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Blue Screen Of Death How To Restore Windows Config Missing Corrupt

Blue Screen of Death C:windowssystem32configsystem missing or corrupt.

Windows Blue Screen of Death

Windows Blue Screen of Death

If you have turned your PC on and received this message the problem can be solved with the following steps. However, before beginning, it is very important to note that the cause of the problem may be the hard drive itself. As with any type of do it yourself recovery this could cause permanent unrecoverable damage to the hard drive and or the data that exist on the hard drive. Like most hard drive recovery processes, physical disk repair isn’t necessary if the hard drive is seen by the BIOS. If your hard drive is recognized by the BIOS, but you get the blue screen of death these steps will help you restore Windows. Be careful and backup if you can! That said, lets continue.

If you have your hard drive manufacturers diagnostic tools, please read the documentation carefully and test the drive to make sure it is functioning properly. If you do not have the manufacturers diagnostic tools you can go to their respective websites to download them. It is important to read the documentation as these tools may perform data destructive tests and procedures to your hard drive. It is also a good idea to try and recover some of the data by making your boot drive a slave drive under another Windows system for hard drive recovery. Please see our previous post “How to slave a hard drive“. Ok, lets proceed with the restoration and hard drive recovery.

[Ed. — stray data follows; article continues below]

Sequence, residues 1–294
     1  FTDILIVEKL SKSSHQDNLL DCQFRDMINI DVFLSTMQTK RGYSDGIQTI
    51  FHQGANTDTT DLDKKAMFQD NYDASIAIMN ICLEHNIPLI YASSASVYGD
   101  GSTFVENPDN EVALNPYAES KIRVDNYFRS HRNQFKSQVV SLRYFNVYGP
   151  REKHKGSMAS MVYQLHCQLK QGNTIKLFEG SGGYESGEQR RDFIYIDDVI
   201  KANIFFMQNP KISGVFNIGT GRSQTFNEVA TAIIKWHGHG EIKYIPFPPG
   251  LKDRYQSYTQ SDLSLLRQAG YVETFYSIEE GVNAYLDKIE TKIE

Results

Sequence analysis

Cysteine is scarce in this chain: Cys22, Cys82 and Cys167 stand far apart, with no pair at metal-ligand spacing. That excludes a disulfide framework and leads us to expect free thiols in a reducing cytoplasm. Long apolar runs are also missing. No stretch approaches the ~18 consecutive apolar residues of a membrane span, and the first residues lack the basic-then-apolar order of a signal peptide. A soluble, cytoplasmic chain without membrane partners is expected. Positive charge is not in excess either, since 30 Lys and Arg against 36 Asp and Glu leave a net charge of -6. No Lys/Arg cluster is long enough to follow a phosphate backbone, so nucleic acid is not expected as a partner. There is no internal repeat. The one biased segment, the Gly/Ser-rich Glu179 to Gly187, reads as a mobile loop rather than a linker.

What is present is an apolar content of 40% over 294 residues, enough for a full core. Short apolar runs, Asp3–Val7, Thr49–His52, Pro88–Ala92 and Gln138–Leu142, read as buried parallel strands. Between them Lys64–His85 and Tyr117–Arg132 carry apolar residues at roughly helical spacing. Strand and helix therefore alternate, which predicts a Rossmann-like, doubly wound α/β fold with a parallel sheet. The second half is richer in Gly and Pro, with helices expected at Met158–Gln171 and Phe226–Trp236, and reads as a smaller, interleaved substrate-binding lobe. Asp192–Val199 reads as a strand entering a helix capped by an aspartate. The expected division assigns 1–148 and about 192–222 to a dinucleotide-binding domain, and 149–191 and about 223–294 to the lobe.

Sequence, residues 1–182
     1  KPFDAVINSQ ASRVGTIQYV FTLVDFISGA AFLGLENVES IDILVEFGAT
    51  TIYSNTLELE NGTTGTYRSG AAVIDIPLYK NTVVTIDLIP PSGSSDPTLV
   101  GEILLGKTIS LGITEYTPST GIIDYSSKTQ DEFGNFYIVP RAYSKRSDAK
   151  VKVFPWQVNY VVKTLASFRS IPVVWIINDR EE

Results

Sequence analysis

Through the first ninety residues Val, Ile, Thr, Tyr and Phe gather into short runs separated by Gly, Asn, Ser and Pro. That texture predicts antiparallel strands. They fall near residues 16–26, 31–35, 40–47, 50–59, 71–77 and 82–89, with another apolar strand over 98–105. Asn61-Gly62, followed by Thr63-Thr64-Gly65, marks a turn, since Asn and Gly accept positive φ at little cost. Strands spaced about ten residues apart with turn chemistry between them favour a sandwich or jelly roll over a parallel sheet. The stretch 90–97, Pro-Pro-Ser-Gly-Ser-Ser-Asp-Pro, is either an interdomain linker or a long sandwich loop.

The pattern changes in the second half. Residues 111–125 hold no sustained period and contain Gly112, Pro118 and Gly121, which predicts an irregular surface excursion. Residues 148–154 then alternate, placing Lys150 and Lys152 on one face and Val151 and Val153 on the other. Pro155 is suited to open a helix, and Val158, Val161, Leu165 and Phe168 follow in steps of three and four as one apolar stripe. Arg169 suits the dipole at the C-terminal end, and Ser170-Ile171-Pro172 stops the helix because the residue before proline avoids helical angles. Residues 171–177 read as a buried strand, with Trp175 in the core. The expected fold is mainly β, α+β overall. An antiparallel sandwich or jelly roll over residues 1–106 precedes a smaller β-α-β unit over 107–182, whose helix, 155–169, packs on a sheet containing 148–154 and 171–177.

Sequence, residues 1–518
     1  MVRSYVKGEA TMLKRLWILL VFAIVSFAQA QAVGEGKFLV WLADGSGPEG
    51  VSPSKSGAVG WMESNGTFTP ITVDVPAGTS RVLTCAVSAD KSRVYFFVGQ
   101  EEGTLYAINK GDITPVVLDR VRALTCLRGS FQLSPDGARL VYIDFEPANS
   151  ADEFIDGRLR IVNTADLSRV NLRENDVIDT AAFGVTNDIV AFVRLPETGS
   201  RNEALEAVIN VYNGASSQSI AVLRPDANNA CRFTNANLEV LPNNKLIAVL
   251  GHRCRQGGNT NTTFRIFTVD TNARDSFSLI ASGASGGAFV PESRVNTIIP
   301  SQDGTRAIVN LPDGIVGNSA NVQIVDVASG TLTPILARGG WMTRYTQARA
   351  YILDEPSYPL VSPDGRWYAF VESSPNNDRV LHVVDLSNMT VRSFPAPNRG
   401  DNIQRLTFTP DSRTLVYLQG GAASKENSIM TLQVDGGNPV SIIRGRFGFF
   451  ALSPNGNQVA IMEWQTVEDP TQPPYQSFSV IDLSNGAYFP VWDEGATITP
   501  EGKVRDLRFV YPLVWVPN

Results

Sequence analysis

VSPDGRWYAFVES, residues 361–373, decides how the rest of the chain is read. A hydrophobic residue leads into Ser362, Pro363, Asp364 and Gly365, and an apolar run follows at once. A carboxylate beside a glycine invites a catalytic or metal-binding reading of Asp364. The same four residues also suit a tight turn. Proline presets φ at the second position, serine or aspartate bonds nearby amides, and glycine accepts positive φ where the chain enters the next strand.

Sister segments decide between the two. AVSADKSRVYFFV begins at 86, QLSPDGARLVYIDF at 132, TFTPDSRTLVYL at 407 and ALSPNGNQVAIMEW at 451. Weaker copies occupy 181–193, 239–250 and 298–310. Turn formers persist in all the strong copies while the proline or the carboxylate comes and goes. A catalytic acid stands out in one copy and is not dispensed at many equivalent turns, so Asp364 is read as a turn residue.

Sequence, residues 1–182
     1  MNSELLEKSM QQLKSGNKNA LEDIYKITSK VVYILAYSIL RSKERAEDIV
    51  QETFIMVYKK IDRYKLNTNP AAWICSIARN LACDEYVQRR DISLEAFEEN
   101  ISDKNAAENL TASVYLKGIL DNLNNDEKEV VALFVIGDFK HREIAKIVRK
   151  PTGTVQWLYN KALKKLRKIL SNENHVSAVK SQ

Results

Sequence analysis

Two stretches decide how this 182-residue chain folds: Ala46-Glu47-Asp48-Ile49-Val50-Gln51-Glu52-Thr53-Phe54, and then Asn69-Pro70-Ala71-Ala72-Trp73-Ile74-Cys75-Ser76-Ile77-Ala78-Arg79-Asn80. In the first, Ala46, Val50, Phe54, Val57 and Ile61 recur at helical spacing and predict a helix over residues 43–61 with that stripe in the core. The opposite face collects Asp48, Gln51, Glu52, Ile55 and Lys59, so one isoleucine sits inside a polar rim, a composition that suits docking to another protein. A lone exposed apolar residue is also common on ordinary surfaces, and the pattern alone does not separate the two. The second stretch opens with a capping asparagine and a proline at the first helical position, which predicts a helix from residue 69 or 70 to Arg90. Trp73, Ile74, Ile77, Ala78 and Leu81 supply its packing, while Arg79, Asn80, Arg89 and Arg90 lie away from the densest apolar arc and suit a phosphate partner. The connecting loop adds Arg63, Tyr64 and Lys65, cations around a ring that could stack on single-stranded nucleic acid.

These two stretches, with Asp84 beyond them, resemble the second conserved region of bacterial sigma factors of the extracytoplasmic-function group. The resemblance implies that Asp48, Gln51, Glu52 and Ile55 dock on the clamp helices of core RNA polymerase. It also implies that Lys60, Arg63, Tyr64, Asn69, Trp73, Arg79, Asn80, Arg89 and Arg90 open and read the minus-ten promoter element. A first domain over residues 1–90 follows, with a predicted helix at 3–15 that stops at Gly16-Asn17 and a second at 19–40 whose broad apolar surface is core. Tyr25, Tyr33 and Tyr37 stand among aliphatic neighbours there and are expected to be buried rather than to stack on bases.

Windows Command Prompt

Windows Command Prompt

Time for the XP Recovery Console.

You are going to need to get your XP Installation Disk.

You will also need to make sure you can boot from your XP installation Disk. Insert you installation disk in your cd/dvd drive and make sure you see the option press any key to boot from cd: If so, do so and you’re good to go. If you do not see that option you will need to enter your system setup (BIOS) and change the boot order. When your computer boots you should see press delete, F10 or some key function to enter your systems setup. You will usually find the boot order under advanced settings once you are in the setup console. Simply select boot order and choose CD as your first boot device. You may change the boot order back to the original settings after this exercise in hard drive recovery.

When you boot to your Install CD it will take a minute to load all the drivers, then it will provide two options-Setup or Recovery Console; “press r” for the recovery console. It will than ask you which Windows install you want to repair, most users will only have one so just input 1 and press enter. You should now have entered the recovery console of your Windows XP CD.